Hard Disk And File Systems
The extended hard disk partition was developed as a way to avoid the four-primary- partitions limit. The extended partition is used only for creating a desired number of logical partitions.
An extended partition does not contain any data directly.
An extended partition can be divided into any number of logical partitions; these are similar to primary partitions in that they can contain operating systems, applications and user data.
Primary partitions should be used for booting operating systems, system files and folders.
Logical partitions can contain any other information, as they are accessible by most operating systems.
If you need several operating systems, you should use logical partitions for booting purposes and leave primary partitions free.
Formatting Hard Disks
Within each of the partitions, information has to be organized in a way understandable to the operating system using that partition. This organization is the file system.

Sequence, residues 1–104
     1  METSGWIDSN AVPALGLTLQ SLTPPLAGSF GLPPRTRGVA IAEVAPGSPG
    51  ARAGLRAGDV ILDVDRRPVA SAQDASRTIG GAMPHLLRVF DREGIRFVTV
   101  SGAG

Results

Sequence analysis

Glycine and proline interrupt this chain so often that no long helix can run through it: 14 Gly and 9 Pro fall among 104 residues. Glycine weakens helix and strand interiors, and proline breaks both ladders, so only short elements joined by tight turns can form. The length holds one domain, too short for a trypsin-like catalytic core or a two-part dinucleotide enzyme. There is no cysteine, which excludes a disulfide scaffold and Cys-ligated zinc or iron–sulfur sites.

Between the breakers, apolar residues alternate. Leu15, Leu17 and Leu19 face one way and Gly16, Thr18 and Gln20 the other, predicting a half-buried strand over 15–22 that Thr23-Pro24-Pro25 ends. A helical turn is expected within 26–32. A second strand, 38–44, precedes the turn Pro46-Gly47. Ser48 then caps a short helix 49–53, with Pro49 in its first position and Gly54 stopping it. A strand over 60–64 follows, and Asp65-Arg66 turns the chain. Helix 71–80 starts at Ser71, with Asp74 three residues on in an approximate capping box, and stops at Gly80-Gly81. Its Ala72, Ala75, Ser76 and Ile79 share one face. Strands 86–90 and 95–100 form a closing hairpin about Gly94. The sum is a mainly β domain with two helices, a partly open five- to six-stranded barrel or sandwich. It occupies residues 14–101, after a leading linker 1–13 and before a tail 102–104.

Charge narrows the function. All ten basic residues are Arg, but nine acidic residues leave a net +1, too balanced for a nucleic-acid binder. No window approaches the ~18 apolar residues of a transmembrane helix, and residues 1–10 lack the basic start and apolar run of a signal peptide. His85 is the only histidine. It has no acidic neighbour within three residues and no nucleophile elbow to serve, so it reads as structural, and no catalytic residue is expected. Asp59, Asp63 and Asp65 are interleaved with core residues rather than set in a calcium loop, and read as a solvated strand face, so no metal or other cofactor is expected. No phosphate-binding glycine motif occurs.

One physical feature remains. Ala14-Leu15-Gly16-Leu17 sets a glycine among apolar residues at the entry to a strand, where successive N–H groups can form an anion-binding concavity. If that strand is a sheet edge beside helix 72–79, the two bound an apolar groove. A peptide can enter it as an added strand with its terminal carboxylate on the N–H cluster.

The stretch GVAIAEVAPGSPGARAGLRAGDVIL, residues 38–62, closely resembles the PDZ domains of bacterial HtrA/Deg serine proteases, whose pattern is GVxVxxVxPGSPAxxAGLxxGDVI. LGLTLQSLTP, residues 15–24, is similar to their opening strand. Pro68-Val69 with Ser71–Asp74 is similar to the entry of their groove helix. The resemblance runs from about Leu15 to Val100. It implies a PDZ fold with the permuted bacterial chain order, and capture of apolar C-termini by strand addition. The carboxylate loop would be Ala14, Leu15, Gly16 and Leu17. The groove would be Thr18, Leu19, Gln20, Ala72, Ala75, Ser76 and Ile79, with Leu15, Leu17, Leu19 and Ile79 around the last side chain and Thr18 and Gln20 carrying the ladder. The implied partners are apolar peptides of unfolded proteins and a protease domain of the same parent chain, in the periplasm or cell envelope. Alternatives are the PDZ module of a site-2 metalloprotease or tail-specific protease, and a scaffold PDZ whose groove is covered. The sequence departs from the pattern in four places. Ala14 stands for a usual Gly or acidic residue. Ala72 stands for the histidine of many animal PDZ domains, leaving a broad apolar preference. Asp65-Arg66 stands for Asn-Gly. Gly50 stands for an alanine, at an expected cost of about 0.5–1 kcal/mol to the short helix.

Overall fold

As a rule, a formatting program performs the following functions:
It creates the boot record
It creates the file allocation table (FAT)
It identifies and marks bad clusters on the disk so they are not ever used afterwards
After formatting, logical disks are organized as follows:
Logical disks start with the boot sector
One or several copies of the file allocation table (FAT) are placed after the boot sector
A root folder is created
The data area is created
Each logical disk has to be formatted with the FORMAT command separately.
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